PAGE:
Krauze is confused. How could scientists think the extermination of the human race over the course of a few decades would be bad, bad, bad, while thinking that the gradual extinction of the species over the course of millions of years would be inevitable and of no great concern.

It’s the same reason that we think murder is a moral wrong, but having a heart attack or dying of cancer is not. Or rather, the reason we treat a 90 year-old dying of lung cancer as a sad part of existence, while we see a 30 year-old dying of lung cancer and think evil thoughts about tobacco companies.

Species go extinct, just as people die. It’s a fact of life. There was a time before humans, and there will be a time after our species. There was a time before I lived, and there will be a time after. I don’t get into a moral huff about that. No one is advocating the forcible extinction of the species, merely posing the reasonable prediction that humanity will, at some point over the next several million years, not exist.

As happens so often in contemplating mortality, the question becomes “What shall be my legacy?” A planet despoiled is one legacy, and we can make choices which which leave the planet far worse off than it was when we found it. And we can make other choices. There are even some who think we ought to.

Comments

  1. #1 Nick (Matzke)
    November 20, 2007

    That said, this stuff about taking generalizations from the fossil record about species lifetimes to humans, and applying them to humans, is extremely dubious in several ways. Why should anyone think remotely similar principles apply? Why are these factoids repeated so confidently?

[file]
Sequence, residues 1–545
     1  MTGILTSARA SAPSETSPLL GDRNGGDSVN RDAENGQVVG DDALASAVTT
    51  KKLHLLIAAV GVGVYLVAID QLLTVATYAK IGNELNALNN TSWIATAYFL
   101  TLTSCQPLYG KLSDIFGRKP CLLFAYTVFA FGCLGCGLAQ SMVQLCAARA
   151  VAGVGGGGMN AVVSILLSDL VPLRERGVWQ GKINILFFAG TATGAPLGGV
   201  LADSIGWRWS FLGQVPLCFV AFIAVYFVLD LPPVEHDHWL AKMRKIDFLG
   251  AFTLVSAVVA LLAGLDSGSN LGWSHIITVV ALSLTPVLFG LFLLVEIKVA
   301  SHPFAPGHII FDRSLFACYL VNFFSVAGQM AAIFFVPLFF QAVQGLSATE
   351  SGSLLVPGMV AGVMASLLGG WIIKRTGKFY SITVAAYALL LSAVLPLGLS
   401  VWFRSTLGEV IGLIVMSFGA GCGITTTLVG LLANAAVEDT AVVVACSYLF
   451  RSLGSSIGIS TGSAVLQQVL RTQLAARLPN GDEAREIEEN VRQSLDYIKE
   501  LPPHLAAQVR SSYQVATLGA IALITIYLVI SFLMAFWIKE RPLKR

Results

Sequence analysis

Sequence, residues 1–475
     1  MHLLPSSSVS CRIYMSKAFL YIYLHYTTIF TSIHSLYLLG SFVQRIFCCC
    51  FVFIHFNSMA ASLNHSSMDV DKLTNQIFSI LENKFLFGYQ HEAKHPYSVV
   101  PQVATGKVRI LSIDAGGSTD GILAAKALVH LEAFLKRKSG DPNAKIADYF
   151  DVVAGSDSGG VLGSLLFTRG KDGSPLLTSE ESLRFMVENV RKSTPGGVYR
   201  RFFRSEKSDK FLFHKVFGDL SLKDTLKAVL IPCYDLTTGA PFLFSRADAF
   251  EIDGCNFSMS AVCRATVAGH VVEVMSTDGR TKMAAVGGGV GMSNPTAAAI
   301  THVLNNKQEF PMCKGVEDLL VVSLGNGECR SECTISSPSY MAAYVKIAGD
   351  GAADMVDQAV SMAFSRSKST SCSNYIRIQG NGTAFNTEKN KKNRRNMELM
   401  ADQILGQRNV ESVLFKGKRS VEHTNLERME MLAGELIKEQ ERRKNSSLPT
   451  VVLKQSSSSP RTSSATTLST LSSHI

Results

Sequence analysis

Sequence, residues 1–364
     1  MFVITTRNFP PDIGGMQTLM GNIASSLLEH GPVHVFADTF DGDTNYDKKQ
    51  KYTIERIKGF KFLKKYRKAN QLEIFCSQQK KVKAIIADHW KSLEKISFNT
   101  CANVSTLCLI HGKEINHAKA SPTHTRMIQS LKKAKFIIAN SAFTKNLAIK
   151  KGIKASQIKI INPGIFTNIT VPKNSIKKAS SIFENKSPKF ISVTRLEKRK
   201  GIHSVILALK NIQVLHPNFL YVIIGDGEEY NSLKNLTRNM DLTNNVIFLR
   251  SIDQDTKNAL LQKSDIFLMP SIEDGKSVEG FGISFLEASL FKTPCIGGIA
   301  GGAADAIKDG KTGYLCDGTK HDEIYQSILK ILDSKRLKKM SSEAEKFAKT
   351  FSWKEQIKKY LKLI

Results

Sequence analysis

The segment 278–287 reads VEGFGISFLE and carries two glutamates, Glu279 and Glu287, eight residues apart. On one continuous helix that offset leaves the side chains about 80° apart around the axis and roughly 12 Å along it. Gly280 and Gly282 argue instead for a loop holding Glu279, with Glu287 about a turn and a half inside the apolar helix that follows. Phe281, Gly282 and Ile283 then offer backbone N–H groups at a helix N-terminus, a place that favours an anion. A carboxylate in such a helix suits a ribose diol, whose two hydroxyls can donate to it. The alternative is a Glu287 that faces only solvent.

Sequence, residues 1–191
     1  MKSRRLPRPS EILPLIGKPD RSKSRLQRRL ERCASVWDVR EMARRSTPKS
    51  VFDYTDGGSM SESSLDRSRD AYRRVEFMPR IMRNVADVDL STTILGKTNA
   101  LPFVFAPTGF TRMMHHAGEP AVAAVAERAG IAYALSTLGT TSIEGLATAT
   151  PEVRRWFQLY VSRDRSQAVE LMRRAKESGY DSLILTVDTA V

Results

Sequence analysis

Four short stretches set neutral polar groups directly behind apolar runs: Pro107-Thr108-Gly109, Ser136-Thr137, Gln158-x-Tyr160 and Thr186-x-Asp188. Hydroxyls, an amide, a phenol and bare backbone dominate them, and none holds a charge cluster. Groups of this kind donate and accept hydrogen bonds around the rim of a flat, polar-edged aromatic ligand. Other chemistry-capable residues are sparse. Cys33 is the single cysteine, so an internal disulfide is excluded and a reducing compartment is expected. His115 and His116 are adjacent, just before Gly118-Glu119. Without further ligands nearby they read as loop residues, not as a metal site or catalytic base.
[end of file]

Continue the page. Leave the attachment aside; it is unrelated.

If humans go extinct it won’t be for the reasons that other things went extinct, it will be because of some human-caused catastrophe which is not equivalent to the reasons that titanotheres or whatever died out. If humans make it through the next few hundreds years we are probably set for a ludicrously long survival, exploring the galaxy, yadda yadda.

  2. #2 Josh Rosenau
    November 20, 2007

    I think a giant meteor could do as much damage to humans as it did to dinosaurs, a random reversal of the magnetic pole could do odd things to us as well, and anagenetic change over millions of years could have interesting results as well. The analogy to a human lifespan is useful in that millions of years are difficult to trace, and because TT basically is saying that scientists are cheering for genocide, rather than observing that there will be some point in time when the last member of Homo sapiens will die as a result of some naturalish set of events.

The site is undergoing maintenance presently. Commenting has been disabled. Please check back later!